The Tour De France has its own followers with its own interest group.  There are some very avid bike race fans.  They really keep track of all of it.  And then there are sports fanatics, who know about almost every sport, including cycling.  Lance Armstrong was so good that he transcended the sport.  Obviously he wasn't so good, but he got good by using the inordinate means to get there.  He'll still be very famous, even if he took dope to do it.  The biggest names in the various circles of evangelicalism and fundamentalism go outside of biblical methods to get their results.  The results are what got them their fame.  They got their results using inordinate means, those not ordained by God.  It's all over the place in fundamentalism and evangelicalism.  They don't follow the example of Jesus and the Apostles to attain success.  Not only will they not be punished for this, but they have been and will likely continue to be rewarded.

Are people going to attack the governors of bike racing for catching Armstrong?  Some might.  Probably not many will.  It feels good now to go after him, to strip him of his awards.  People who expose the extra scriptural methods of churches and their leaders will be more unpopular because of it.  In other words, the wrong people get punished and will be punished.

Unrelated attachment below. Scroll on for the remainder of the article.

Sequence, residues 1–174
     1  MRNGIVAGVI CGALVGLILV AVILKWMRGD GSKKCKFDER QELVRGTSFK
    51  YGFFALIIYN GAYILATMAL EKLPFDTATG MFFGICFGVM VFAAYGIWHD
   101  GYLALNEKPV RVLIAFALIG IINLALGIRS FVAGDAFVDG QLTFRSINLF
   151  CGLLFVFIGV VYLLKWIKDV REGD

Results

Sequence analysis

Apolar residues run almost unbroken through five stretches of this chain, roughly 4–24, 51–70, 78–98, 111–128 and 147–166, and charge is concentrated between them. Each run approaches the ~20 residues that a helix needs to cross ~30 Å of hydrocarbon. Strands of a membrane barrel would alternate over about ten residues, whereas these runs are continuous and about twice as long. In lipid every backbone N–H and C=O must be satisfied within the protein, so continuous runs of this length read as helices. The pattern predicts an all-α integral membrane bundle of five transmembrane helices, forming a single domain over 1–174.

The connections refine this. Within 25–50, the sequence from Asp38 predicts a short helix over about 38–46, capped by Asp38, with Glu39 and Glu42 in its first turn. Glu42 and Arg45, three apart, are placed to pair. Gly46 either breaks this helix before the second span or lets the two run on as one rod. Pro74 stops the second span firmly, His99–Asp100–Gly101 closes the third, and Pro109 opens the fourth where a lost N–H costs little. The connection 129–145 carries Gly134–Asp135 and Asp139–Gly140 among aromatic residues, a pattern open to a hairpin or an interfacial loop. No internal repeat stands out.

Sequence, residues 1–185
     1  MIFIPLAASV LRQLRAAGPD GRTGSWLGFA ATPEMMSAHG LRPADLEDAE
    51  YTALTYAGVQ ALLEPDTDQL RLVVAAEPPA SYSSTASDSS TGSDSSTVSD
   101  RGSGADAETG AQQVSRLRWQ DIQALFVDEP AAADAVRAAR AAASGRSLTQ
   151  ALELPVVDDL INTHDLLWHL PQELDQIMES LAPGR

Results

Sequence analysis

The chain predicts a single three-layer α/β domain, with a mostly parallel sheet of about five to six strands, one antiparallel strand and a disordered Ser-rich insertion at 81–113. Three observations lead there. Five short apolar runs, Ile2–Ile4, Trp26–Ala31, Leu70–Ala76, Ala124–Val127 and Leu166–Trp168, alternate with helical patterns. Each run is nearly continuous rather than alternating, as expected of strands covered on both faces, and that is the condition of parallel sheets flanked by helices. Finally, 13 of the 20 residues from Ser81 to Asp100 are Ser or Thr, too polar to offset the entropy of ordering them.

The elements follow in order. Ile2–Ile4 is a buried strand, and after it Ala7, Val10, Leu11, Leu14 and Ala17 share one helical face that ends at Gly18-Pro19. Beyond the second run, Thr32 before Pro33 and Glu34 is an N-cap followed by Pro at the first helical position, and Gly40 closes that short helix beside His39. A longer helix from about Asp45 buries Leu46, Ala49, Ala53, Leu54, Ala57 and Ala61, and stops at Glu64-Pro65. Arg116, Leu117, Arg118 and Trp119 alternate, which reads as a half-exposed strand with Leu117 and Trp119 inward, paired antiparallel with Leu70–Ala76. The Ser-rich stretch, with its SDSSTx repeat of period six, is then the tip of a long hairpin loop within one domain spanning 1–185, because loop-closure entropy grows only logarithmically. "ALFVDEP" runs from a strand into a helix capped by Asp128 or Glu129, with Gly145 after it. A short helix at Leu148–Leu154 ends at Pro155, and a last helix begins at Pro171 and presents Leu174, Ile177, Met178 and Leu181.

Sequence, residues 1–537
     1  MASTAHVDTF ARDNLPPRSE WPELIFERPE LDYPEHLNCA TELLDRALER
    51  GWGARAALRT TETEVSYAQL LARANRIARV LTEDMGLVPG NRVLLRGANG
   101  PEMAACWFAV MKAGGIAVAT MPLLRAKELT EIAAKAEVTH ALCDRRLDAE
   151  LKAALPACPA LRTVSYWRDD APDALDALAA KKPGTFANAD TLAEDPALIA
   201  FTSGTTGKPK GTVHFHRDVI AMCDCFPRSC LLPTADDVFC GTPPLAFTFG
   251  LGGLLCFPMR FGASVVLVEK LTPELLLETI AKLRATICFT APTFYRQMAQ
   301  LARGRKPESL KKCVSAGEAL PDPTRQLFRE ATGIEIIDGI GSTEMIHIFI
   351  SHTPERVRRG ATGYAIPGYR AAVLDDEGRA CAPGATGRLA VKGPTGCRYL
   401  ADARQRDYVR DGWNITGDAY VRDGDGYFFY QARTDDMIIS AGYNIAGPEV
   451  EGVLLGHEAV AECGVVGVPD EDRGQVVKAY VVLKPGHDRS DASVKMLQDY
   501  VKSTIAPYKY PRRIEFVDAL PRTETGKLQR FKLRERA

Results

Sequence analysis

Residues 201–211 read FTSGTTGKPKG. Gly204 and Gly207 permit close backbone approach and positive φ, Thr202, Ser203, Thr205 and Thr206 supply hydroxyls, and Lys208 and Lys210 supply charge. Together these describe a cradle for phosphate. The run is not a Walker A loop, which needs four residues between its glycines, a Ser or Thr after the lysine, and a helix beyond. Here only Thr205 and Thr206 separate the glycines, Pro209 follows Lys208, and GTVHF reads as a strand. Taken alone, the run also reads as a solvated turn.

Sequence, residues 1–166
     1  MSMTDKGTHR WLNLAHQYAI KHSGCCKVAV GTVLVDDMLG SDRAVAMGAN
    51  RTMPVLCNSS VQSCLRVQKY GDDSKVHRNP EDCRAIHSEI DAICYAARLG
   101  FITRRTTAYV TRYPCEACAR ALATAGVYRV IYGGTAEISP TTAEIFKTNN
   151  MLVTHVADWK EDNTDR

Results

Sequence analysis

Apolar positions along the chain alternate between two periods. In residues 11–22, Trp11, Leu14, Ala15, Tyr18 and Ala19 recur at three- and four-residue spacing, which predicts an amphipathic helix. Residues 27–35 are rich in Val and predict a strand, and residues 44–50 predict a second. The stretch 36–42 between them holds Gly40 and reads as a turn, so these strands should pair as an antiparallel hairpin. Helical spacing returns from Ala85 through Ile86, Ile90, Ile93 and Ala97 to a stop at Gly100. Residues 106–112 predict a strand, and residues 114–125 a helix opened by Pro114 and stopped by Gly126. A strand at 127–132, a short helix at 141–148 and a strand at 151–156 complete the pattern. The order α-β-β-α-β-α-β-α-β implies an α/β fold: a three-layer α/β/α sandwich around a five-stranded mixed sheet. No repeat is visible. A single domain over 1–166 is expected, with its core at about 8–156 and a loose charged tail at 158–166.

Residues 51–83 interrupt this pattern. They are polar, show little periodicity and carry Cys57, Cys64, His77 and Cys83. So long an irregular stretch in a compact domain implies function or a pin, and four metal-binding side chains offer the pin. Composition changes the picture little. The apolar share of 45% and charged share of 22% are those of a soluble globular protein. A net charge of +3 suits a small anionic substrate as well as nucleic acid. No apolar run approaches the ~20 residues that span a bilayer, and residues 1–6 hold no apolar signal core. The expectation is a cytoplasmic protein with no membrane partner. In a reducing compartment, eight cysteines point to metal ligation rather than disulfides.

Very few will be upset at how evangelicals and fundamentalists got to where they are.  They won't care.  It doesn't matter to people like even bike racing does.  People will justify it because it isn't important enough for people to get upset about.  And it's easy to get away with.  There's no "governing board."  Those who might govern it are the biggest names, who would just go along for the ride.  And rules for bike racing mean something.  Whether you follow what God says in His Word exactly doesn't mean much anymore, actually very little.  It's not a game.  But it's treated worse than a game.  That's why how people succeeded in evangelicalism and fundamentalism doesn't matter very much.  It's if you won, not how you won.  And if you didn't use biblical means, not only will you not get in trouble, but you'll be praised for it.  Bike racing doesn't like someone using a wrong means of success.  Churches and church leaders praise you and emulate you if you do.